In both patterns, the idea is presented to the critical group without any questions being asked, then critiqued without eye contact; usually done by the presenter turning around or putting on a mask. Because as soon as we make eye contact… as soon as we have to engage with other people… as soon as we start having a conversation, whether with spoken language or body language… then we automatically start seeking consensus.
And consensus isn’t always what you want.
All the great ideas are just that… great ideas… unless you can put them into practice.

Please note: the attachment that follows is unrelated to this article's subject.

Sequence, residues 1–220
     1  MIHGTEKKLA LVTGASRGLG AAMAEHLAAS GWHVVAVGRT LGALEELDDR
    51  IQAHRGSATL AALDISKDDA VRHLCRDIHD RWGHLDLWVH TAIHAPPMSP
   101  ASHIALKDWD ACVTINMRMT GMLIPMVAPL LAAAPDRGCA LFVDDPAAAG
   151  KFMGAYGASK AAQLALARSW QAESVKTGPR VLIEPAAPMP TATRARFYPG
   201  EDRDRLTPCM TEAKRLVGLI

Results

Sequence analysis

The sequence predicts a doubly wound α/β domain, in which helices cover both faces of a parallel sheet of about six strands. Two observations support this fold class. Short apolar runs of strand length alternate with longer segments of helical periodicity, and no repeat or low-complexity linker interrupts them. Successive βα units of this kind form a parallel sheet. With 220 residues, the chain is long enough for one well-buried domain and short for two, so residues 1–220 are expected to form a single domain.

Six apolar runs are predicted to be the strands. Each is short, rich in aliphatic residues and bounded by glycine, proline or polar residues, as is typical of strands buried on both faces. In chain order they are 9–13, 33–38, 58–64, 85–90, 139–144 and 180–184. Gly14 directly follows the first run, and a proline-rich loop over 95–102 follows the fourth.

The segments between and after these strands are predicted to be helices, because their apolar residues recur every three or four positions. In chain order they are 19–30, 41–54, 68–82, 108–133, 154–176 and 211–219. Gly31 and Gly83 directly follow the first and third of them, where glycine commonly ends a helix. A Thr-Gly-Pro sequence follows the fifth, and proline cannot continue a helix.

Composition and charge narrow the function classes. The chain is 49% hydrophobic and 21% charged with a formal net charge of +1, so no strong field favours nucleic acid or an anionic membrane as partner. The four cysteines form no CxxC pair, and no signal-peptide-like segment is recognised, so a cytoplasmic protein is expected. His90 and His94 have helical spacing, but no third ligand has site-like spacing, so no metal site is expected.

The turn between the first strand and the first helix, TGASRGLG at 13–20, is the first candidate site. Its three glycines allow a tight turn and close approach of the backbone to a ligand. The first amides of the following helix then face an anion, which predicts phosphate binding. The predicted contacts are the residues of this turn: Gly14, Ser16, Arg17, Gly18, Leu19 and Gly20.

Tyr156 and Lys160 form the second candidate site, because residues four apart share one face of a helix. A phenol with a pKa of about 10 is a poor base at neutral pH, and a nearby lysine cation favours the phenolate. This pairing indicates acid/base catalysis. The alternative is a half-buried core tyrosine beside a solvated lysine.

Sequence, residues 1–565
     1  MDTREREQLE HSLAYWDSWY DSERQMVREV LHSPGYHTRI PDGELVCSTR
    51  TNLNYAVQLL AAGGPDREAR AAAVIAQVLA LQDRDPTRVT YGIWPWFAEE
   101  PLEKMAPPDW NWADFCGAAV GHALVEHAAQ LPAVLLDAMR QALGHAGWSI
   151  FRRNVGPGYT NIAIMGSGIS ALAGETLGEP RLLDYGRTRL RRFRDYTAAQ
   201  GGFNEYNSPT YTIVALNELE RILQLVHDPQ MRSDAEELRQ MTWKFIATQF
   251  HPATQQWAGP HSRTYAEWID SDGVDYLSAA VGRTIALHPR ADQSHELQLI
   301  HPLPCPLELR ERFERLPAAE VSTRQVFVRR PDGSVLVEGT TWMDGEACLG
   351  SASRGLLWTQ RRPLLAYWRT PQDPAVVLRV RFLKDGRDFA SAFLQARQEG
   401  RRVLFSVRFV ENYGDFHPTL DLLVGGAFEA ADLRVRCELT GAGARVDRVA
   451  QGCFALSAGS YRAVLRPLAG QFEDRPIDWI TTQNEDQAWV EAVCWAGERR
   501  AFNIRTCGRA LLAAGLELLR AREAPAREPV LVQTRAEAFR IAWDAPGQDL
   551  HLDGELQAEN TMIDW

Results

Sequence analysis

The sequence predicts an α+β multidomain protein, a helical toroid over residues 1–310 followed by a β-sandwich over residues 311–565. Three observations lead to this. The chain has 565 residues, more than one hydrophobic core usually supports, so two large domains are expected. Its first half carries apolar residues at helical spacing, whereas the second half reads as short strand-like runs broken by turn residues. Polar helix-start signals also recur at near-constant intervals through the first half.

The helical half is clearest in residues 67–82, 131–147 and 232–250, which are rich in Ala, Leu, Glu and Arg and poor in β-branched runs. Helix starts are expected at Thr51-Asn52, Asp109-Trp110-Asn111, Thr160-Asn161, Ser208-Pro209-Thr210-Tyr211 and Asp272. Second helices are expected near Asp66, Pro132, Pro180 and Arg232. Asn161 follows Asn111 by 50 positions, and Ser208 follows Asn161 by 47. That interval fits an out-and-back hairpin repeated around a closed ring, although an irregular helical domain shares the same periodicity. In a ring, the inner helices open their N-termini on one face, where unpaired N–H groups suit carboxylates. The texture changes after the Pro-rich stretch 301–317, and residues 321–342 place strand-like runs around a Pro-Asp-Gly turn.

I tell my team all the time that unless we can sell an idea to an executive… and know exactly what we’d do the next day if we sold it… it’s probably not worth talking about. At least not right now.
That’s not to say that we don’t run experiments. That’s not to say we don’t try new things.
There is a lot of neat theory out there… but unless you can get someone to sign up… it’s tough to make a dent.
You have to be able to sell it…